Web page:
RIYADH: Oil prices extended gains on Monday, propped up by a weaker dollar and tight supplies that offset concerns about recession and the prospect of widespread COVID-19 lockdowns in China again reducing fuel demand.
Brent crude futures for September settlement rose 69 cents, or 0.7 percent, to $101.85 a barrel by 0421 GMT, after a 2.1 percent gain on Friday.
US West Texas Intermediate crude futures for August delivery edged up 27 cents, or 0.3 percent, to $97.86 a barrel, after climbing 1.9 percent in the previous session.
The US dollar retreated from multi-year highs on Monday, supporting prices of commodities ranging from gold to oil. A weaker dollar makes dollar-denominated commodities more affordable for holders of other currencies
Petronas says taking steps to protect global assets
Malaysia’s state energy firm Petronas said it was taking steps to protect the legal position of all its global assets after two Luxembourg-based subsidiaries were served with a seizure notice last week over a dispute with the heirs of a late sultan.
The last sultan of Sulu’s heirs are seeking to seize Malaysian government assets around the world in a bid to enforce an arbitration award handed to them by a French court in February. The subsidiaries were served with a seizure notice by Luxembourg court bailiffs.
Venezuela denounces attack on gas pipeline
Venezuelan Oil Minister Tareck El Aissami said on Twitter on Sunday that technical personnel at Venezuela’s state-run oil company PDVSA and firefighters were putting out a fire on a natural gas pipeline in the country’s east.
In his comments on Twitter, El Aissami called the fire “a new attack” on the gas system.
His comments on Twitter did not specify which pipeline was on fire. However, three industry sources said that he was referring to a fire on a section of a pipeline in the state of Monagas.
That fire began during the late afternoon on Saturday on a section of the pipeline near the Aguasay 5A plant, according to an internal report dated July 16 from PDVSA, as state-owned Petroleos de Venezuela is known, and reviewed by Reuters.
El Aissami attributed the fire to unidentified terrorist groups, saying “It’s the same terrorist groups as always, who have acted against the national interest to affect the lives of our people.”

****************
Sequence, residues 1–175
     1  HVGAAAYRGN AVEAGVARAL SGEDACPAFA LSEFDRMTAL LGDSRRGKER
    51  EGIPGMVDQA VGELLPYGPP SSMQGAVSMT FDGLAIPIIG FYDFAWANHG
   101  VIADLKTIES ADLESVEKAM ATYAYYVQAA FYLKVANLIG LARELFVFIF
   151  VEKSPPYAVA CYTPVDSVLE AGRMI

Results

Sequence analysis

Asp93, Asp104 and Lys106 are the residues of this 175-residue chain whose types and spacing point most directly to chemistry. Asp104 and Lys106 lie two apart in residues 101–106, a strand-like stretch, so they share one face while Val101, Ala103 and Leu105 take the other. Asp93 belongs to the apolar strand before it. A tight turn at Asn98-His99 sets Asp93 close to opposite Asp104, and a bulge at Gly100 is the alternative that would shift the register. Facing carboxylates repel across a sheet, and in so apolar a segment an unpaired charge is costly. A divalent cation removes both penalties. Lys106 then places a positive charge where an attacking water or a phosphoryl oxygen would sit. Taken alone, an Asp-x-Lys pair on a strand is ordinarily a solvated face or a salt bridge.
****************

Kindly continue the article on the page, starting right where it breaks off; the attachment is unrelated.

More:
Libya’s NOC continues to do its job according to the law
Libya’s National Oil Corp. is continuing to do its job according to the law, it said on its social media feeds on Sunday, days after the Government of National Unity sought to replace the NOC chief and its board of directors.
NOC said it will not comply with any “illegal” sacking measures from an “outgoing” government.
Algeria refinery project not progressing as expected
The development of Algeria’s $3.5 billion Hassi Messaoud refinery project is not progressing as expected, amid higher global energy prices and increased demand for refined products, MEED reported citing industry sources.
According to the report, the project is on hold for the moment as the contractors are yet to deploy on the ground.
“They have done some preliminary engineering work and that is all. Just about 5 percent of the entire project has been completed,” said one source.
Sasol oil will not meet commitments in July
South Africa’s largest fuel producer Sasol has declared force majeure on the supply of petroleum products as deliveries to the Natref refinery got delayed, according to a Bloomberg report.
Natref refinery has a production capacity of 108,000 barrels a day, and the force majeure is expected to drastically increase petroleum imports to the country, the report added.
“Sasol Oil will not be in a position to fully meet its commitments on the supply of all petroleum products from July 2022,” the company said in a statement.
US’ talks with India on price cap on Russian oil ‘encouraging’
US Treasury Secretary Janet Yellen described as “encouraging” talks with India about a proposed price cap on Russian oil that Washington is pushing to drive down oil prices and make it harder for Moscow to fund its war in Ukraine.
Yellen, who arrived in Seoul on Monday evening, told Reuters in an interview en route to the South Korean capital that she was feeling generally positive about the initiative.
“We’ll see where they come out. The conversations I’ve had have generally been encouraging,” Yellen said aboard a military aircraft on her way from Indonesia to South Korea.
(With input from Reuters)